Jerusalem: The Southern Stairs
This photograph shows the southern stairs as viewed from the west, looking onto the stairs and Herod’s massive Temple.
On the right side of the photo is a straight joint in the wall. This is the beginning of Herod’s extension of the Mount to the south (left), which enlarged the Mount by more than 100 feet. The less crafted stones to the right are clearly visible, showing the contrast between the old Temple Mount and Herod’s extension. The massive stones of Herod’s construction also contrast sharply with the smaller stones laid above them later in history.
The partially reconstructed “broad staircase,” also called the Southern Stairs, led to massive Double Gates. Pilgrims entered these gates and went through magnificent passageways leading to the floor of the Mount above. The width of these stairs was more than 200 feet! The staircase was composed of 30 steps, with a landing after each step. This layout probably made the ascent slow and respectful. Part of the staircase has not been reconstructed so we can see the structures beneath it.
On the foreground side of the steps were ritual baths-mikvoth (one of them can be seen just on the right side of the photograph at the bottom of the steps) where worshipers could bathe to be ceremonially clean before worship. After the baths was another smaller stairway (no longer existing), which led to smaller gates, the Triple Gates, believed to have been for priests to enter the storerooms located under the Temple Mount floor on this corner of the platform.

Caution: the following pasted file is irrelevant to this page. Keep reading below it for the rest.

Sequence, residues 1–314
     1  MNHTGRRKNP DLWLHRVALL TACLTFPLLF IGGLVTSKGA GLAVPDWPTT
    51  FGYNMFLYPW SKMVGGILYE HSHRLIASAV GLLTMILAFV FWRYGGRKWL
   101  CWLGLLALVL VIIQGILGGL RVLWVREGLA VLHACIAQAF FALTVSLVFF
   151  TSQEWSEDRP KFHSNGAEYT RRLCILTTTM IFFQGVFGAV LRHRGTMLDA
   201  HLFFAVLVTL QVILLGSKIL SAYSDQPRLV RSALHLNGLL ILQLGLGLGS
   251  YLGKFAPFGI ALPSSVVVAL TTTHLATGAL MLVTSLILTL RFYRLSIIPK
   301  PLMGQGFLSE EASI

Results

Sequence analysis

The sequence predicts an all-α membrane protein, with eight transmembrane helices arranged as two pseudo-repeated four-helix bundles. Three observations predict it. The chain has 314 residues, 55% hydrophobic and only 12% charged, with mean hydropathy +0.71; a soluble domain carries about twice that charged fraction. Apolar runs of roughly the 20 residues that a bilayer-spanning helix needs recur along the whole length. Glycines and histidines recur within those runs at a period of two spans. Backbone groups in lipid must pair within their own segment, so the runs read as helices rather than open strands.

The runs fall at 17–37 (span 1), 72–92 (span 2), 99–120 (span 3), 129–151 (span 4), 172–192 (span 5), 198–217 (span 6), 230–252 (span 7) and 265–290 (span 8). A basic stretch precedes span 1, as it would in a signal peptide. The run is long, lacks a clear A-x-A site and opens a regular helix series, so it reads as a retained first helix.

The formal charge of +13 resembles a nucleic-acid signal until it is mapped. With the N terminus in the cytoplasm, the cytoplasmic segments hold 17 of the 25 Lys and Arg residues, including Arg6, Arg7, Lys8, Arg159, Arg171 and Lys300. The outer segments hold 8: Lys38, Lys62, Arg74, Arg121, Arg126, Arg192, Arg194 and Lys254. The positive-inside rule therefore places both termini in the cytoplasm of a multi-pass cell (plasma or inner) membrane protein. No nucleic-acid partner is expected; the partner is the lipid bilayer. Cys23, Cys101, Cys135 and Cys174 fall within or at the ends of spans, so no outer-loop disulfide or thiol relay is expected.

Archaeologists believe there was a large plaza at the foot of the staircase to handle traffic of literally millions of pilgrims during the major festivals. One can imagine people, including families with children, joyfully climbing the stairs to the Gentile Court above and then to the Temple itself. The view from the Mount of Olives, where this picture was taken, must have been spectacular as throngs of pilgrims went up the stairs to worship God. Jesus was among this crowd, both as a boy and as a rabbi with his students.
It has been suggested that the Christian fulfillment of the Jewish feast of Pentecost (Shavuot) may have occurred on these steps (Acts 2). Since it was 9:00 AM on a holy day, the time of morning prayer, large crowds would have been entering the Temple. The disciples went daily to the Temple Courts, so they too would have been arriving for morning worship. This staircase was also used by other rabbis as a place to teach. There were baths nearby, where the baptism of 3,000 converts could have taken place. In his sermon, Peter referred to David?s tomb, which was in the city nearby. Wherever the miraculous events of Acts 2 occurred, the large crowds of pilgrims who came to Jerusalem for the festival did hear the disciples’ message and believed that Jesus had come as Gods Messiah. At that moment, the disciples were filled with God’s Spirit and became his new, living, growing Temple (1 Cor. 3:16-17).
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